Hansen leads Ablett tributes

Former Liverpool captain Alan Hansen has paid tribute to a "great" team-mate in Gary Ablett after the defender's death at the age of 46.

Football News: Gary Ablett

Ablett lost his 16-month battle against non-Hodgkin's lymphoma and Hansen said the news had left him and several other members of the 1980s squad "distraught".

"He was a lovely guy and he was quite unassuming and everyone loved him," said the ex-Scotland international.

"It is such a shock even though we knew he was ill. I texted him on December 7 to go and see him and have a cup of tea and he texted back to say he had a doctor's appointment but wished me a merry Christmas and said he would see me in the new year.

"Then we get the news this morning and we are absolutely stunned and cannot believe this has happened.

"Talking to two or three ex-Liverpool players we are all distraught because we all thought he was fine and recovering.

"[To die at] 46 years of age is absolutely tragic. Each and every one of us is stunned by the news."

Hansen, who played in the same side in which Ablett won two Division One titles and an FA Cup in 147 appearances, felt the defender - who was comfortable in both the centre and on the left - would have had an even better career had he not been at Anfield at a time when they were arguably the best team in the world.

"He came into the dressing room when Liverpool had one of the great teams and he was right in there because he was a top-class player as well," he told Radio 5 Live.

"If he had joined Liverpool in the late 70s or early 80s he would have been a permanent fixture.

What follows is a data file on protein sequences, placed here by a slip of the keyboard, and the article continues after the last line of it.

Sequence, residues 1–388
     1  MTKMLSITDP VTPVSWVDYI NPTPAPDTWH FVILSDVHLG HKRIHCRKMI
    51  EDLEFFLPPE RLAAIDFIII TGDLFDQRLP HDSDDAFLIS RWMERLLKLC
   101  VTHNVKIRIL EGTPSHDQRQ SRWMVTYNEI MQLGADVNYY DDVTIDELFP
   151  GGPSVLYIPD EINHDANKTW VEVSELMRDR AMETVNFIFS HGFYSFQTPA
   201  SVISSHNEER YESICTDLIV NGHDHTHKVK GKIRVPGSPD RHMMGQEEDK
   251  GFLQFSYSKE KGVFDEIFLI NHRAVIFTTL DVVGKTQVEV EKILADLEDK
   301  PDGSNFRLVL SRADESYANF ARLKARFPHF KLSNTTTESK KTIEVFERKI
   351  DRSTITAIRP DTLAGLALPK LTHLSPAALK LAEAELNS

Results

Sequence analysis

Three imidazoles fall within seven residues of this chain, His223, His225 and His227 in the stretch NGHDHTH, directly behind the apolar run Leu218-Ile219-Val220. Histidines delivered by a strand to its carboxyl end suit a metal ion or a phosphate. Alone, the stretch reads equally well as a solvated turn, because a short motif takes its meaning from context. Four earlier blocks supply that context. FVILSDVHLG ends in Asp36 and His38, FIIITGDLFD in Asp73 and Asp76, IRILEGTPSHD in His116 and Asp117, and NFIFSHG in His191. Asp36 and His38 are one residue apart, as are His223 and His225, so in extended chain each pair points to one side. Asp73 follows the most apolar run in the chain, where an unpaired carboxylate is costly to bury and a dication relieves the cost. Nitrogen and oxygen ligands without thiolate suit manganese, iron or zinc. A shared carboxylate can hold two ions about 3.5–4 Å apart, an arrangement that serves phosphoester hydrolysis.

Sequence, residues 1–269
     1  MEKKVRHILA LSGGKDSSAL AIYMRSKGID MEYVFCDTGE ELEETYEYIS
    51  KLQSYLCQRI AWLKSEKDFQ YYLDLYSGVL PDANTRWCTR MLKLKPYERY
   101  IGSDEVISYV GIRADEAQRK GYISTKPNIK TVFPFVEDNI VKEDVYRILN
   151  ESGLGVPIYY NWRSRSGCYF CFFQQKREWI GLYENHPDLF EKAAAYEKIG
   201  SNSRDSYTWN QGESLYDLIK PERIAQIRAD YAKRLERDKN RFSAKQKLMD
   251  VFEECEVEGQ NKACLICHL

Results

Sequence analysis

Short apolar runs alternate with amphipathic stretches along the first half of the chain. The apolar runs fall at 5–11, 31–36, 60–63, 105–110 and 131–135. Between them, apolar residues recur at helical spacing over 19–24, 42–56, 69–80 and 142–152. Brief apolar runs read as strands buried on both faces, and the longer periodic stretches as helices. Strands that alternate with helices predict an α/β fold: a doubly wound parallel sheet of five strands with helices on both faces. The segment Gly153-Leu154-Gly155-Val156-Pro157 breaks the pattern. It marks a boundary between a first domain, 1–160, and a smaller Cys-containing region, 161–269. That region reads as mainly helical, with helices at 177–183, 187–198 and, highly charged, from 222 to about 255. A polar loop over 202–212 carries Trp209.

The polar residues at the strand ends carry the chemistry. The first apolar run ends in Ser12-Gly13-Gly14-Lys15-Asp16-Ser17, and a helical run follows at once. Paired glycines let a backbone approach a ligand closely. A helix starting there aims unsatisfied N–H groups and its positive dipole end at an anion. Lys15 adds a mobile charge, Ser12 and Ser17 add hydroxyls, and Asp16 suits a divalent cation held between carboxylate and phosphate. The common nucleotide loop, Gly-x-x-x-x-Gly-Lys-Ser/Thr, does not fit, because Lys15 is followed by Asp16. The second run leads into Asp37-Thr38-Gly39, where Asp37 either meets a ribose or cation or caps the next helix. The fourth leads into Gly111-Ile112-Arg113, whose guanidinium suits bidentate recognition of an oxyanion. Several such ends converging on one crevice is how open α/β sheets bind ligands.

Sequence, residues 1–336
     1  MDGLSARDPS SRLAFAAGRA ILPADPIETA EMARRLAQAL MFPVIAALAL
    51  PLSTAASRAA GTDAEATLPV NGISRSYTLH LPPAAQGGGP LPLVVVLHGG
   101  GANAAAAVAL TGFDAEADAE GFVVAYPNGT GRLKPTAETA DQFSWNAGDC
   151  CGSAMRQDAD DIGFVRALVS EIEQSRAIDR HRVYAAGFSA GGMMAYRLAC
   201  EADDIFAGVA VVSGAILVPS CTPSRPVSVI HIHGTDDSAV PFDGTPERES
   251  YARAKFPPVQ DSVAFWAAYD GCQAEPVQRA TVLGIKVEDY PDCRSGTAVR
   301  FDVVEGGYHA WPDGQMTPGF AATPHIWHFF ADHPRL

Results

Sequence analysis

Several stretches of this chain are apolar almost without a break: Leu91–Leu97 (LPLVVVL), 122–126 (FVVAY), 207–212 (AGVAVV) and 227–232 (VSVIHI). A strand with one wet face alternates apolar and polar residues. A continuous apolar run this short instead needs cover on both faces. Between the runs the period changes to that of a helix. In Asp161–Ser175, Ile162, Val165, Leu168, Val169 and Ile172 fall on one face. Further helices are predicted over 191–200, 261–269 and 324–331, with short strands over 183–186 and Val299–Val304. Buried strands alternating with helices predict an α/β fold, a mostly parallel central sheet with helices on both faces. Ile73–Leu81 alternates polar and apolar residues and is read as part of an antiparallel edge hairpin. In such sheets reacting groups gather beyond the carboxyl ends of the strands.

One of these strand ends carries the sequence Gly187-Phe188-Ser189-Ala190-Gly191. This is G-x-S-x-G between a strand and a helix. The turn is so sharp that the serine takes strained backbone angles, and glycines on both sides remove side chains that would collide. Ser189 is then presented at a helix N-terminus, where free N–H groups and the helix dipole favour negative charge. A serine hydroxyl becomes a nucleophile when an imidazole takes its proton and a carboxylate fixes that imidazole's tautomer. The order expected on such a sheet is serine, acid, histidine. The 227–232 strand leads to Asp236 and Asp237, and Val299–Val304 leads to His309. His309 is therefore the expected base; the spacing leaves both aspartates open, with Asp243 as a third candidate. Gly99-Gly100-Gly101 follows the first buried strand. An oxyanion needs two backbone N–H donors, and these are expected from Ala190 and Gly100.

"He was a dedicated, consummate professional but he was right at the top of the tree.

"I had a couple of great centre-back partnerships at Liverpool and he was as good as anything.

"I played with him when he was on the left-side of defence and he made it really easy for me and as soon as he stepped into the Liverpool side I knew he was top-class player."

Ablett was at Anfield between 1983 and 1992, having progressed from being a Reds apprentice, before making the short move across Stanley Park to Everton.

He made 156 appearances for the Toffees, becoming the only player to win the FA Cup with both Merseyside teams when they beat Manchester United in 1995.

Ablett went on to play for Birmingham, Wycombe, Blackpool and American club Long Island Rough Riders before moving into coaching.

He began in Everton's youth set-up before becoming Liverpool Reserves manager and winning the Premier Reserve League North and the national title in 2008.

Ablett left a year later and was appointed Stockport manager but left after one season - during which they were in administration - and took up a coaching position at Ipswich in the summer of 2010 only to fall ill shortly afterwards.

Late last year he spoke of the shock at being diagnosed with the disease.

"Jacqueline (his wife) took one look at me and took me straight to the doctors," he said in an interview with Everton's website to support Blue September - a campaign to raise awareness of forms of cancer specifically affecting men.

"The following day they whisked me to Ipswich hospital and the sister asked us if we knew why we were there

"We said 'for tests' but she told us they had found a really aggressive lymphoma and that without immediate treatment I'd be in serious trouble.

"From diagnosis to that first session of chemotherapy was less than three days, so it was a massive shock."

Liverpool manager Kenny Dalglish, who gave Ablett his debut against Charlton in December 1986 in his first spell as Reds boss, paid tribute to the local-born defender.

"I gave Gary his debut and remember him scoring on his first start at Anfield against Nottingham Forest," he told liverpoolfc.tv.

"He was a really good servant to the football club not only as a player, but also as reserve team coach.

"He served the club proudly and credibly. It's very sad for everybody.

"The most important thing just now is to pay our respects to Gary, his wife Jacqueline, the two boys and his wee girl."

Everton manager David Moyes added his tribute, telling evertonfc.com: "It is so, so sad about Gary.

"He was a regular visitor to Finch Farm (training ground) over the last six months and he was a lovely man, well liked by everyone.

"My thoughts are with all his family at this terrible time."



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